Arranged Marriage and Social Discovery

This week’s newsletter is inspired by conversations that I’ve been having with several people over the last few days, and how they view the arranged marriage market. I possibly even go to the extent of suggesting how people ought to look at it.

I appeared in the Times of India. With Indian Matchmaking being all the rage now, they decided to do a piece on "new age matchmakers" in India, and decided to interview me for it. Check it out here (it might be behind a paywall). 

A considerable portion of the article goes in describing M.B.A. They've even put my photo, right below Sima Aunty's. All is good with the world it seems. 

The same issue contained a column by brand consultant Santosh Desai, again about Indian Matchmaking. He argued that the outrage about the show is misplaced, and what the stories in the show actually show is that arranged marriages don't work.

I'll address the column in a bit, but let's get back to the article about me. Being featured in the Times of India means that you do get some requests. So I've had a busy last couple of days. Some of the requests are by people who have been in the market for a long time but have failed to find a match. Others have approached me after multiple failed marriages, in the hope that I might somehow find them an appropriate spouse this time. 

I am no miracle worker

I wish I were Sai Baba to magically produce spouses for these people out of thin air, but unfortunately I'm not! The best I can do for these people is to help them unpack why they have been unsuccessful in the market so far, or have had unfulfilling relationships. Well, I CAN even represent them in the market in case they want me to, but in such cases I don't know how much value that will add. 

Then again, I think one reason why a lot of people have trouble in the arranged marriage market is that they don't really want to be there. People think that getting into the arranged marriage market is a sign of failure - of having failed to find a long-term gene-propagating partner for themselves. Like I know one person who was asked by his father if he didn't have the "taakat" to find someone for himself. 

When arranged marriages don’t work

True, the arranged marriage market might not work for a lot of people and they might be better off finding someone on their own. But all I'm asking you is to treat the arranged marriage market as a social discovery platform, and give it a chance. And give it a chance at a time when it can matter, and not when your chances of finding someone on the market have become incredibly thin.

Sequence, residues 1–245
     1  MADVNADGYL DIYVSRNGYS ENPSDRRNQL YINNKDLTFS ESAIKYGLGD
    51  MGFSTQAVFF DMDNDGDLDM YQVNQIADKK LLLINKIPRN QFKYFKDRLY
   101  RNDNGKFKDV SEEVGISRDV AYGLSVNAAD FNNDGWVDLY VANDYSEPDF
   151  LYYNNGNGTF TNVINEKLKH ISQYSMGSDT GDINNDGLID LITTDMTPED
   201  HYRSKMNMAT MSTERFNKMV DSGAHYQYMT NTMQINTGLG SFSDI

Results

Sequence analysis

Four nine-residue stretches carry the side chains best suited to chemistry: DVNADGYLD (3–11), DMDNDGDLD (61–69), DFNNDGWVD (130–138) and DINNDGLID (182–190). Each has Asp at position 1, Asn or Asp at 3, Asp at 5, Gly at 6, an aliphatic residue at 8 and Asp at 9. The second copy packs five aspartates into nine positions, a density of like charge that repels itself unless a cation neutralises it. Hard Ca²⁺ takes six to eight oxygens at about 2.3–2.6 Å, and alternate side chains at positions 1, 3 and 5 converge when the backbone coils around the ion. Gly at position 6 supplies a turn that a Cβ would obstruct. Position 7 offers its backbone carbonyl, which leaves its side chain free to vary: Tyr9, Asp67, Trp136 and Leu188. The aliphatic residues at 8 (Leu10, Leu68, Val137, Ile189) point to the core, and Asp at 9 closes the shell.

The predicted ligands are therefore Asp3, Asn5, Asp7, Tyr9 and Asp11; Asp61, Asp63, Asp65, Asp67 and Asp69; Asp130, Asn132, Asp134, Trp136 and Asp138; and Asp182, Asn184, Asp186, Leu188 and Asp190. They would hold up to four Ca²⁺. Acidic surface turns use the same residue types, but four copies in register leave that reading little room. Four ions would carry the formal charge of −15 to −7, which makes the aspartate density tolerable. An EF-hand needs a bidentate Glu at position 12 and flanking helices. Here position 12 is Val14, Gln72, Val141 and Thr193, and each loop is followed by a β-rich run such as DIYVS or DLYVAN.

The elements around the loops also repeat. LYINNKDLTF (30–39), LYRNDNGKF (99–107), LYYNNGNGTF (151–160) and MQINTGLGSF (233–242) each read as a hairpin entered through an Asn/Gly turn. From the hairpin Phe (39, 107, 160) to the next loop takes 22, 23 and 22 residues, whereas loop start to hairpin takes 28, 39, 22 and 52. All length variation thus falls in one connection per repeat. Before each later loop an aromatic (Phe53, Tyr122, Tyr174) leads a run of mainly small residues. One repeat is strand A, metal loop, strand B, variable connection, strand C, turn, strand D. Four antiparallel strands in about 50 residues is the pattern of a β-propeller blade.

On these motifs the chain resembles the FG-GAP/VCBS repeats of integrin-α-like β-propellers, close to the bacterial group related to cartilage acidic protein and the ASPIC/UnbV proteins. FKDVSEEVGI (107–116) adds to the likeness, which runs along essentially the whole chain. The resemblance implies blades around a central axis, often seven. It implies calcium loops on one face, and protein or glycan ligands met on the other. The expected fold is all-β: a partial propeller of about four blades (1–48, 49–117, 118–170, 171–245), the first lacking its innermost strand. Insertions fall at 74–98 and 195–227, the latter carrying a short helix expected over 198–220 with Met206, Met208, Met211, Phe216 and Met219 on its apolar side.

As you might be aware, I've been running Dinner Club for a month now. We crossed 50 (first) dates a week ago, and the platform is going strong (though I plan to shut the current season by the end of August). As I was making matches for this week yesterday, I noticed something interesting - a lot of people registered on Dinner Club belong to a small age range. 

Both below and above this range, the number of boys and girls registered is so low that if I've to respect people's preferences on their ideal partner's age, setting them up would be nigh impossible. Within this "dense age range", though, setting people up has been interesting. There are so many possibilities for me (as a matchmaker) that I have been able to take many more variables into consideration while setting people up. 

Arranged marriage works in a similar way. For most communities in India, the market is "thick" (or "liquid"), for girls and boys belonging to certain age groups, beyond which the market thins out considerably, making it infinitely harder to find a match. Generally speaking, people are far more likely to connect with people of the same generation, which changes as often as 3-4 years. But, matchmakers don’t make these rules, people do.